Jordan’s explanation for the change was that he was not afraid to try something new, regardless of how successful he was at that time. The mindset that of a young Jordan has been burned into his soul. That he can accept failure, but he cannot accept not trying.
Lesson learned: Mind over matter
Although he was expected to be invincible, Jordan was humble enough to know that he was far from it. He admits to missing nearly 9000 shots, lost nearly 300 games, and missed the winning shot 26 times. Yet the mindset of a young Jordan that was burned into his soul could not be extinguished. ‘Accept failure, but never stop trying.’
4. Louisa May Alcott
Louisa May Alcott was an American novelist, short story writer, and poet best known as the author of the novel Little Women, published in 1868. This novel was seen as an autobiographical novel, based loosely on the lives of herself, her mother, and her sisters.
Alcott worked from a young age to support her family who was suffering from financial difficulties. Even as a young girl, it dawned on her that if she could not devise an alternative source of income, she would be following right in her parents’ footsteps and the struggle would continue throughout her generation. So she sought an outlet in writing.
She realized that the time in which they lived, suffering was all too common for women, and success of any kind was far removed. She, after all, had first-hand experience in suffering due to her family’s financial troubles.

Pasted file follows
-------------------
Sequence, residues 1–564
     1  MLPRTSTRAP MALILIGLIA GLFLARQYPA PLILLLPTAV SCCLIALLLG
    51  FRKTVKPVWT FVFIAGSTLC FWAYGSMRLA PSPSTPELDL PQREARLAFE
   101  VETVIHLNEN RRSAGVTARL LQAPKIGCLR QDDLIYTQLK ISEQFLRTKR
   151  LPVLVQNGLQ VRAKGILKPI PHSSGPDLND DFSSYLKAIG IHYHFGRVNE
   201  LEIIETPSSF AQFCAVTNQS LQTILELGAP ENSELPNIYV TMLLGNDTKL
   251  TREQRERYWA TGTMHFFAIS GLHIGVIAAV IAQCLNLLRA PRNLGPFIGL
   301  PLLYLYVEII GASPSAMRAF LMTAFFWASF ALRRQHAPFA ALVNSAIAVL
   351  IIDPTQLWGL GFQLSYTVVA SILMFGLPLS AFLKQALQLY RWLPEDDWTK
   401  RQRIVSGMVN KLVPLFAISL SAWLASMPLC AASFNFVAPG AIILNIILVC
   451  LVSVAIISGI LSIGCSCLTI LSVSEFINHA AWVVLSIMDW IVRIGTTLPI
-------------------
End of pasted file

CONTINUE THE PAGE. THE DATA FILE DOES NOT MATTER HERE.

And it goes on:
She understood how to use unfavorable circumstances to her advantage, and wrote about what people of her time could relate to. As a result, the novel was so well received, that it is still published and adored by adults and children alike to this day.
Through her writing, Mrs. Alcott found her stride and dedicated her life to worthy causes such as feminism and abolitionism.
Lesson learned: Independence
Mrs. Alcott exemplifies the maverick inside us all. Let it rain, let it rain, let it rain, and she will construct a makeshift umbrella, not just to shield herself, but to shield as many as she can! She is the epitome of independent thinking. Free of abatement and hesitance she put one foot infront of the other no matter how shaky the ground was and carved her influence in the lives of those who applaud her resilience.
5. Dale Carnegie
One of his core beliefs is that it is possible to change someone else’s behavior by changing how you behave towards them. A most valuable lesson that I, myself, have learned in life and one that truly works.
After a failed attempt at becoming a lecturer, he got the idea of public speaking at the YMCA where he lived in 1911. As he had no experience in public speaking he went into his first session completely unprepared and quickly ran out of material.
Forced to improvise, he came up with a brilliant idea which paved the way to his ultimate success. He asked the crowd what made them angry. Needless to say, the session continued far beyond where it should have ended. He discovered that Americans needed more self confidence and focus. So he based his lectures on that and developed his teachings as he discovered more and more about the human psyche.
His teachings are still popular today, as it is about human nature. Even though we have evolved culturally, basic human nature is ceaseless.
Lesson learned: Focus on what matters
Mr. Carnegie is revered for his intelligence and enlightenment in what makes sense. He rightly said that one must stop focusing on their reputation, and start focusing on their character, as character is what will ultimately mold your reputation. Developing an emotionally intelligent character ensures that you have the wherewithal to prioritize what matters and take your challenges one step at a time.